Dr Su Wang MD, MPH, FACP
President, World Hepatitis Alliance
Hepatitis B and C claim 1.4 million lives every single year: more than HIV/AIDS and malaria. However, compared to other infectious diseases, viral hepatitis receives sparse funding for research, prevention, diagnosis and treatment.
Liver cancer rates continue to rise, largely due to viral hepatitis. Despite these infections being so common, they are often overlooked on the international health agenda. The cost of global indifference is paid in human lives. Suffering from hepatitis could easily be averted, yet little is done.
I am living with hepatitis B, the apathy and lack of prioritisation for viral hepatitis is alarming. Millions of us are living with this disease, but only 10% of us have been diagnosed. Even fewer are receiving life-saving treatments.
I am a mother, and my four children received the hepatitis B birth dose vaccine as soon as they were born. It means the world to me that each of them is free of the infection. Yet millions of babies do not receive this birth dose, their mothers must live with the knowledge they have passed on a lifelong disease to their children.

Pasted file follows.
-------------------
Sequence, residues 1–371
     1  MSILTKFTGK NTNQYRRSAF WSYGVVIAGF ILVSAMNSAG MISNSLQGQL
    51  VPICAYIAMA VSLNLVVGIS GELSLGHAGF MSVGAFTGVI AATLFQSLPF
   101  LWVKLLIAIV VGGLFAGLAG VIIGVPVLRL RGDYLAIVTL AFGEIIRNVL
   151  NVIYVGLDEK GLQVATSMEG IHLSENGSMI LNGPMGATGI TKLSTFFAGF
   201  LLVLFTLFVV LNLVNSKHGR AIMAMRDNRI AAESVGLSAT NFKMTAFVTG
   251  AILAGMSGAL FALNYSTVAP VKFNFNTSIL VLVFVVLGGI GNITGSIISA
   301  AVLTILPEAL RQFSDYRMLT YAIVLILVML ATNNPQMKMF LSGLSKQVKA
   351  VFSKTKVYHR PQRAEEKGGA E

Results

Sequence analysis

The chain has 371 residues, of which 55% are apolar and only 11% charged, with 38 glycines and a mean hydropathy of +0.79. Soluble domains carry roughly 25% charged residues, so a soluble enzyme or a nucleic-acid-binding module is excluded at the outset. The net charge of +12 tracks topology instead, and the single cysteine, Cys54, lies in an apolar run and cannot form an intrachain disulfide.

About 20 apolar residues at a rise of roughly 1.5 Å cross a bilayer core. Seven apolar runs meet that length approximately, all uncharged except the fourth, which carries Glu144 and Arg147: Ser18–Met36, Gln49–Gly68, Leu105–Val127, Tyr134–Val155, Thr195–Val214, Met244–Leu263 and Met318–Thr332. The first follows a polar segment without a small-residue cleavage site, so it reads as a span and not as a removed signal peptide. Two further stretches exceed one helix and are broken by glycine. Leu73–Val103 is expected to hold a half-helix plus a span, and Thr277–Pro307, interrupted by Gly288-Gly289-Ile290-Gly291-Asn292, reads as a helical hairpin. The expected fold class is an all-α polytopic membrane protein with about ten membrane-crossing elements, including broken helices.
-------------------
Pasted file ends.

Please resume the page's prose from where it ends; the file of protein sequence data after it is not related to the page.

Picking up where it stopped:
I am a physician, and I see the hope that comes from awareness and science. We have rapid test kits for hepatitis which can give people results at point of care. We need to test widely to find the missing millions and once found, we need to connect them to care. For hepatitis B, we have effective treatments and for hepatitis C, we have cures. Globally, prices for testing and treatments have gone down, but we need to make sure that individuals can access these lifesaving tools at low cost.
Supporting the affected community
We need to support the affected community and amplify their voices. Something powerful happens when people share their story, and we often hear the devastating effects of hepatitis: people’s lives cut short, children losing their parents, communities mourning the many bright futures that become dim. We owe it to them to give the next generation a legacy of NOhep.
What you can do
1) Get yourself and your loved ones tested. Nine in ten people with hepatitis have no idea they are living with the disease. A simple blood test will tell you your status.
2) Join NOhep.org. This is the global movement to eliminate hepatitis. We need your voice to join calls for action and bring more attention to hepatitis.
3) Celebrate World Hepatitis Day. Let’s increase awareness. Raise your voice with us on 28 July, so the world hears it.